This year, NARU Studios is celebrating Valentine’s month in a new way.
Every week in February, we’ll tell you about a person we admire. A person doing bold and brilliant things. A person whose love, commitment and dedication to their art is a thing of beauty.
Alice Aedy is a documentary photographer and filmmaker focused on telling the stories of those living on the frontline of the refugee and climate crisis and the fight for women’s rights. She’s also a co-founder of Earth Rise, a media studio dedicated to creatively narrating the story of the world’s battle against climate change.
What sets Aedy’s work apart is her unique ability to compassionately tell the stories of those whose lives most of us cannot imagine living. Her work looks at the blunt edge of reality, but unlike most, Aedy doesn’t turn away. She looks directly at what it means to be a human in some of the most challenging places on the earth and intimately connects the viewer to her subjects, no matter where they are.
We all share a common bond, the human condition, and her stories encourage us to look beyond our own cultures and borders and recognise our shared existence. Aedy’s photography and filmmaking sometimes tell heart-breaking and inconceivable stories, but she does so with elegance and beauty.
The viewer leaves the world she has created, moved by the realisation we’re more similar than we realise and, on occasion, optimistic.
She looks directly at what it means to be a human in some of the most challenging places on the earth.
Aditi Mayer is a speaker, content creator and activist trailblazing the way for transparency within the fashion industry.
Since the Rana Plaza clothing factory collapse in 2013, Aditi as been committed to campaigning for garment workers’ rights and understanding the colonial roots of the fashion industry. The focus of her work is to highlight sustainable makers and brands from underrepresented communities in the fashion world.
Mayer’s work shines a light on how fashion disproportionately impacts communities of colour whilst simultaneously using her platform to present a diversified voice and elevate the profile of small sustainable and BIPOC brands worldwide. Businesses that infuse style and sustainability whilst also ensuring ethical manufacturing practices.
Importantly her work is also about how sustainability isn’t just about what you spend. A narrative that focuses on a purely consumer solution alienates many people. Instead, she’s shifted the conversation from one where the responsibility is on the individual (and their unique spending power) to one where sustainability is a movement led by communities and citizens with the power and ability to enact change globally. One where all are involved, not just those who can ‘vote with their money’.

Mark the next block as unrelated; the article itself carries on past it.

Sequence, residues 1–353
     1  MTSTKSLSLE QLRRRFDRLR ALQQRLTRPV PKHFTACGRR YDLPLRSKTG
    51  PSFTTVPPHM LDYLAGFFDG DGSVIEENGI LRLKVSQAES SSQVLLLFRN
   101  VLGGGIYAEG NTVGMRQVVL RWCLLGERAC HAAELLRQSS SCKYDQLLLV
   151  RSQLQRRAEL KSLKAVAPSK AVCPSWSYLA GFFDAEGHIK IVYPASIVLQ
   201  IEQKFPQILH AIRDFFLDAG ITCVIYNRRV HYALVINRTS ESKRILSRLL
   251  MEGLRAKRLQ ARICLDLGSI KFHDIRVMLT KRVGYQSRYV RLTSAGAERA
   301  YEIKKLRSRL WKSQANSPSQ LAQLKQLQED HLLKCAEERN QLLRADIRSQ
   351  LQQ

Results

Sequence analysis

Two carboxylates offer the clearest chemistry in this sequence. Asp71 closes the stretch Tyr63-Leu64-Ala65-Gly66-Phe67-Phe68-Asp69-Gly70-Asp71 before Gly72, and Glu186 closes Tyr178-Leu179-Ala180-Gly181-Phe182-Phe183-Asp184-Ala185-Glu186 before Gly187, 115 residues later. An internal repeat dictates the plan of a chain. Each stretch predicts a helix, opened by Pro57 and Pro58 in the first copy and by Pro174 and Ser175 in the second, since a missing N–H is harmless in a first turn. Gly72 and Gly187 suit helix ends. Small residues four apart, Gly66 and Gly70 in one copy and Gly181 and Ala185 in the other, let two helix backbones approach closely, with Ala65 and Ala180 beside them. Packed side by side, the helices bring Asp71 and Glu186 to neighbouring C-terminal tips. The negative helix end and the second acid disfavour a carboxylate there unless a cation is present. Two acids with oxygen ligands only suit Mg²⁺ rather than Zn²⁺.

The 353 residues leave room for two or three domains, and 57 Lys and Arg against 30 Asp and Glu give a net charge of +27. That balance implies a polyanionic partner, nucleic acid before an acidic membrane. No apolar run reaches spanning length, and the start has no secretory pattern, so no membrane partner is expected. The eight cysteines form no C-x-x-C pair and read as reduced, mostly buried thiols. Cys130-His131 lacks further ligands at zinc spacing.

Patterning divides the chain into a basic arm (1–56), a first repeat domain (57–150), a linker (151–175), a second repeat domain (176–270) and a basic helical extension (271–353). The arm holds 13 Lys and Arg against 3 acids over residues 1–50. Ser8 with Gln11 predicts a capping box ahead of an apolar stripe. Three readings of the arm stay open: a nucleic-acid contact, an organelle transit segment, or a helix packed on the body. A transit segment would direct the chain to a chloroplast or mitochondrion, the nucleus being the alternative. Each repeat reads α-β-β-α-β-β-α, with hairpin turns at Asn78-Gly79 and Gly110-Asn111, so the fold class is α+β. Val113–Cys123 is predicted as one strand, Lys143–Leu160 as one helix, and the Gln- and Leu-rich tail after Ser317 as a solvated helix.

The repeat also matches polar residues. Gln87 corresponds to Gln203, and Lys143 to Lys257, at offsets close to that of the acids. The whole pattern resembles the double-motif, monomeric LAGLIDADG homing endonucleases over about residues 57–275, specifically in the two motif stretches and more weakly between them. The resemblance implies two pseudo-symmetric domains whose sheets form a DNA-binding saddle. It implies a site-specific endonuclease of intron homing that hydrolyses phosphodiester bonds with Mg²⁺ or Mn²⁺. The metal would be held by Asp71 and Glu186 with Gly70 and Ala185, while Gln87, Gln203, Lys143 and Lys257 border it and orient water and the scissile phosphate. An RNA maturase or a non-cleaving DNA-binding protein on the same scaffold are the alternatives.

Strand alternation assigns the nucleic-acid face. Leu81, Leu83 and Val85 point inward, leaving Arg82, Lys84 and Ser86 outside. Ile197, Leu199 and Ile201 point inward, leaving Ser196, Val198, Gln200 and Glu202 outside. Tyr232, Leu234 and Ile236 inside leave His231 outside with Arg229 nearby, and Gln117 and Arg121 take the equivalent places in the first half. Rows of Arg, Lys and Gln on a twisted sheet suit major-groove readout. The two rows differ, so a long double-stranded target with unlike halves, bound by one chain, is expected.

Tori Tsui is a climate justice activist, writer, consultant, and speaker who eloquently talks about something rarely discussed - the impact of climate change on our mental health.
Her view; collectivism over individualism. Her belief; we must navigate eco-anxiety not just as individuals but as a whole human race. Individualism got us here, to the climate crisis as it’s currently known, in the first place, and it is community and collectivity that will get us out.
She wants us to expand our thinking to actively include those in our communities who are also suffering. Tsui encourages us to find solutions for our worries, fears and concerns. Why? Because embracing the notion of a shared struggle is comforting, it’s hopeful and reminds us we’re not alone in times of crisis.
Her debut book ‘It’s Not Just You’ is a meditation on climate anxiety, and if you’re looking for a voice that shares your views and suggests a path forwards or even just a place to find a moment of solace, her writing is the perfect tonic.
It’s Not Just You. The climate crisis is making us all unwell.
But NotJust You.
The climate crisis is affecting certain communities disproportionately.
She wants us to expand our thinking to actively include those in our communities who are also suffering.
Aja Barber is a writer, stylist and consultant who has built a career questioning how consumers can be more sustainable and how can the fashion industry be more equitable.
Barber’s work addresses the environmental damage caused by the fashion industry, past and present, and highlights how this cannot be resolved without addressing its historical roots in colonialism. She also tackles the significant issues of racism, inequality and privilege in the modern fashion industry.
The core ideal in Aja’s work is that the fashion industry must end the onslaught of destruction it is wreaking on the planet. However, this requires both greater government regulation and individual demand for change. One will not be successful without the other.
A published author, Barber’s book ‘Consumed’ looks at how the fashion industry’s uncomfortable history got us to where we are today. It also explores how we can reclaim our power, unravel ourselves from consumer culture and live with compassion rather than consumption.
If you want to learn, understand and be a better consumer, buy and read her book.
Discover more about Barber and how to join her Patreon here.
In the Press
COUNTRY & TOWNHOUSE
MEET NATALIE SMITH, FOUNDER OF NARU STUDIOS
The future of British accessories is here – and it's greener than ever...